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ousness and peace can kiss each other;" wherein God the Father, as the supreme vindicator of law and the guardian of holiness, "can be just," and yet, as "the God of all grace," can be "the justifier of him which believeth in Jesus;" in a word, can be "a just God, and yet a Saviour." It is this broad, revealed fact, which gives the atonement all its transcendent excellence and its peculiar glory, and invests it with all its melting love and attractive wonder.

uncompromised, can meet together, righte- | and soul, and mind;" grace he cannot claim; and hence, if sinners are saved, it is through God's sovereign, unmerited "kindness and love" (Tit. iii. 4), "to the praise of the glory of his grace" (Eph. i. 6). This grace prevents the sinner's "boasting" (Rom. iii. 27), that the pivot of his salvation is either "the will of the flesh or the will of man" (John, i. 13); but that the whole, in its commencement, in its progress, and in its completion, is "of God that sheweth mercy" (Rom. ix. 16).

Viewed in any other light, or in any other bearing, the atonement is not only unintelligible, but it is also indefensible, because wholly irreconcilable with Divine goodness and love; for it must be ever kept in mind, that it was made by the Son to the Father, not in order to produce a change in his nature and eternal purpose, which are clearly incapable of any change, but to produce a penitential, softening, purifying change in the hearts of sinners; not to excite pity in his breast, which was previously devoid of pity; not to render him merciful who was previously unmerciful; not to purchase forgiveness of him who was previously disinclined to forgive. This, it is to be lamented, is the too current popular notion of multitudes respecting the propitiatory death of Christ; and the notion also of many of God's regenerate children, who should have their spiritual senses exercised to discern and know better. The notion, however, be it adopted by whom it may, not only furnishes solid argument for the rejection of atonement altogether, but it has no ground of support whatever in the inspired Scriptures, when rightly understood and interpreted; for it is utterly inconsistent with, and highly derogatory to, the revealed character of God the Father, who is truly "a God of love," and whose compassions are infinite. delighteth in mercy" (Micah, vii. 13); "with him is plenteous redemption" (Ps. cxxx. 7); "he will have all men to be saved and come unto the knowledge of the truth;" and expressly declares," as I live, I have no pleasure in the death of him that dieth" (Ezek. xviii. 32). If, therefore, sinners ultimately perish, the cause of their ruin is entirely their own wilful impenitence and unbelief. They are not constrained by any extrinsic influence, or secret decree, to do evil, nor are they restrained from doing good. They act in every instance freely and voluntarily, according to the prevailing convictions of their minds, and the preponderating inclination of their wills; and this is all that a moral, responsible, free agent can in equity claim of his Maker, as constituting the ground of his obligation to "love him with all his heart,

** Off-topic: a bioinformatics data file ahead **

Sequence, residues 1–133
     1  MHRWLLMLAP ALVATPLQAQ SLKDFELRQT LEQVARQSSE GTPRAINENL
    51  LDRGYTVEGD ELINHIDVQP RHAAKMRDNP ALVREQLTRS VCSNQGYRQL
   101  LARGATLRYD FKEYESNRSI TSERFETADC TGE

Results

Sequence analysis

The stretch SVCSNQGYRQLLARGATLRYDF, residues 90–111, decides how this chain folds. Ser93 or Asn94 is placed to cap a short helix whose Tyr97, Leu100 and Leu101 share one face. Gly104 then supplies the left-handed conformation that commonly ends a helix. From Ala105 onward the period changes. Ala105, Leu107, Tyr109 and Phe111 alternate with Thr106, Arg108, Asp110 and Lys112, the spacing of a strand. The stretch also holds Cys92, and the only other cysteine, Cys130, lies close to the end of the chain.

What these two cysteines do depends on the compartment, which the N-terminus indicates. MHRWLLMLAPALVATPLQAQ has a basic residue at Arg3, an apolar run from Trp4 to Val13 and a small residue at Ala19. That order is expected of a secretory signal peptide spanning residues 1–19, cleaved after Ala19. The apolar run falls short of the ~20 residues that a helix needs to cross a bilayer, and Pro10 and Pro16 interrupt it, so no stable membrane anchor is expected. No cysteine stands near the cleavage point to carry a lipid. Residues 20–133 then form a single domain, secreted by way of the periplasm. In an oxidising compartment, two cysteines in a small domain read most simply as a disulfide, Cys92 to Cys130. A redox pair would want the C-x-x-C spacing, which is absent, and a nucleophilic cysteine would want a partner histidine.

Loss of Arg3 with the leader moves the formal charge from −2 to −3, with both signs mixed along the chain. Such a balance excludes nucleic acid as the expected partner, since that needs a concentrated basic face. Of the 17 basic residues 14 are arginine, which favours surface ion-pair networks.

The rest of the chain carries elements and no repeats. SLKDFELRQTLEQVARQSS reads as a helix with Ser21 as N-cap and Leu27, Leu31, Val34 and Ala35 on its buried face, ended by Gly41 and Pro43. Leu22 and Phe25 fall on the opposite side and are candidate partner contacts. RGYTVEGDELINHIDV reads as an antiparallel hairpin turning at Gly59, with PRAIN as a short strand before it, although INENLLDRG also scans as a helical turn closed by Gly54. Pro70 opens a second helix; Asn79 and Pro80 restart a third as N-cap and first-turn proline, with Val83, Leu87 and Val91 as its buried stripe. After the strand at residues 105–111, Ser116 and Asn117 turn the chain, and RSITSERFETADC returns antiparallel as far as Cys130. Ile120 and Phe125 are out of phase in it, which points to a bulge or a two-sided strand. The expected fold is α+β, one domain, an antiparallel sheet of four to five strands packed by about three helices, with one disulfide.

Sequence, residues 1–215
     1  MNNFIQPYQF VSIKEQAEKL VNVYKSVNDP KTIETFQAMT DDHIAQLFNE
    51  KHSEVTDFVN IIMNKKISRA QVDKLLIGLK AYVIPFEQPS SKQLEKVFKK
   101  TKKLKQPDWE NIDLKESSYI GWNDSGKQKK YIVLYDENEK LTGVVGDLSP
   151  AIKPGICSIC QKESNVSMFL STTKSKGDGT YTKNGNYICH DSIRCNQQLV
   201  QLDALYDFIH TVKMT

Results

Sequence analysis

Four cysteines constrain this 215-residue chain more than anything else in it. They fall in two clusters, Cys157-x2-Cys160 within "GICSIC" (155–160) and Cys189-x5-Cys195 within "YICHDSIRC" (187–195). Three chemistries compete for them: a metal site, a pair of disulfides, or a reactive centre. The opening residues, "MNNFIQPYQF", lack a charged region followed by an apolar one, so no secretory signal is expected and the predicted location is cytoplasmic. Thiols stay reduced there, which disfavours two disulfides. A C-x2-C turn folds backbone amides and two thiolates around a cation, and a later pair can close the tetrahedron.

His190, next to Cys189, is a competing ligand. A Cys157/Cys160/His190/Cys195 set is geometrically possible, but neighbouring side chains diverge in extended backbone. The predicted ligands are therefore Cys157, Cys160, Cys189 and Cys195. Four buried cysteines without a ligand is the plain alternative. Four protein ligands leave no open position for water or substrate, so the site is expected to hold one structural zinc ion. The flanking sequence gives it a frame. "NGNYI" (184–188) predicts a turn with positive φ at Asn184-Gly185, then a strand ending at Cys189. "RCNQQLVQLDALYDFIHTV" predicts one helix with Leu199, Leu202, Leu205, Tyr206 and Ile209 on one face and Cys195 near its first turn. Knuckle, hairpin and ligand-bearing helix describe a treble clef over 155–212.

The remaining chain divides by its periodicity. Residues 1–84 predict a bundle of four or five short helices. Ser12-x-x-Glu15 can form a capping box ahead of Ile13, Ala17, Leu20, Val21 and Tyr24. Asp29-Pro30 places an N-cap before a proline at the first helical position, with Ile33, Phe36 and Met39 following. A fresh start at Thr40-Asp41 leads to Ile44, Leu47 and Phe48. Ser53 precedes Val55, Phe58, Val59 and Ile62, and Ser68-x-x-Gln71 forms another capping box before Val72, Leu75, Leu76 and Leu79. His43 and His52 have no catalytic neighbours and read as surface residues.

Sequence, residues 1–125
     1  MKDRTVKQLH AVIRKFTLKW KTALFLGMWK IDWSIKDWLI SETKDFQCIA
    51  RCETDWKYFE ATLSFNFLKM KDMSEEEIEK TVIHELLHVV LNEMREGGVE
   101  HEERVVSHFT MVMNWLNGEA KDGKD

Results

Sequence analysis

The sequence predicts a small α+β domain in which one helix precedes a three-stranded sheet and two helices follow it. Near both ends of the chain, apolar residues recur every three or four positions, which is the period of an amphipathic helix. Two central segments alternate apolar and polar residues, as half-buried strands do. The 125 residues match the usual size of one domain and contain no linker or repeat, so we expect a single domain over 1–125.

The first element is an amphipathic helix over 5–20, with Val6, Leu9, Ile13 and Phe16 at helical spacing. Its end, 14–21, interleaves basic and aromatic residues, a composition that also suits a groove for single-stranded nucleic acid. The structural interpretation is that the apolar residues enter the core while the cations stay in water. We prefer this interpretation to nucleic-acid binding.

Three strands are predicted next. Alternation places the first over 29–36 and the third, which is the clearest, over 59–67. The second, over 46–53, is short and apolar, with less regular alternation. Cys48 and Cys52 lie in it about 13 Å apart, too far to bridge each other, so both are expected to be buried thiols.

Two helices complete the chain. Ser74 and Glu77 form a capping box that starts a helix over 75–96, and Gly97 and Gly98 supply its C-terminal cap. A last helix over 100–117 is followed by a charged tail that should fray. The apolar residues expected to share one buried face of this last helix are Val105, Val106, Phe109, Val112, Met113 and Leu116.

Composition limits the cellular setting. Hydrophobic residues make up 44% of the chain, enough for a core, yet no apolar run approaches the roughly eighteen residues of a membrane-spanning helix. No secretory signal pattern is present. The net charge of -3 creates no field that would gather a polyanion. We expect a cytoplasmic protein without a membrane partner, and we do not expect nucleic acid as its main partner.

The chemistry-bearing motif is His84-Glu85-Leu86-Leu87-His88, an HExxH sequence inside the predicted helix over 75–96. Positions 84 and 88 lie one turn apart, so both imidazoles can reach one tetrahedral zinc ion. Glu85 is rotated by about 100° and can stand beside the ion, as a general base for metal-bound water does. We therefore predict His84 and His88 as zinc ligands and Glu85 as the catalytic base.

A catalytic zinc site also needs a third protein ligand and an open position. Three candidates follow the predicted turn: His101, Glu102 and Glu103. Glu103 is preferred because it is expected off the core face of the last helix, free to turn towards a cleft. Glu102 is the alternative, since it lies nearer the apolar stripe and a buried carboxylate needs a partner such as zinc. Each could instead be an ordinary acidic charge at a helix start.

In order, then, to elucidate more fully this delightful part of our subject, and chiefly with a desire to assist the plain readers of this essay in getting a deep, melting, heartaffecting view of their heavenly Father's love, and in banishing from their minds every chilling and hard thought of Him, as if he were a stern, vindictive, unrelenting God, clothed in frowns of terror and vengeance, and reluctant to pity, to pardon, and to save them,-let it be further observed, that it is evident, from the recorded history of the fact, that the first sin of Adam, viewed exclusively as a personal offence committed against God the Father (personally considered as the Father), was pardoned as soon as it was committed; for it was He, the Father of grace and mercy, who gave our offending parents that first cheering, though mysterious promise, that "the seed of the woman should one day bruise the serpent's head" (Gen. iii. 15). In the New Testament (not to swell this essay by adducing passages from the Old), this gracious promise is thus explicitly unfolded: "God so loved the world, that he gave his only begotten Son (he could not give more), that whosoever believeth in him should not perish, but have everlasting life. For God sent not his Son into the world to condemn the world; but that the world through him might be saved" (John, iii. 16, 17). And the same inspired writer, in his first epistle (iv. 9, 10), repeats the same sweet, consolatory truth, by declaring," in this was manifested the love of God toward us, because that God sent his only begotten Son into the world, that we might live through him." And in order to shew that the predisposing motive of this exuberant grace originated solely in the bosom of the Father, he further adds, "Herein is love, not that we loved him, but that he loved us, and sent his Son to be the propitiation for our sins." From this testimony of Scripture, which need not be strengthened by additional quotations, it is as clear and decisive as language can express, that it was the Father's own infinite wisdom which devised the plan of salvation by a propitiatory sacrifice, and that it was his own infinite love which provided the endeared victim. He gave, at a cost ex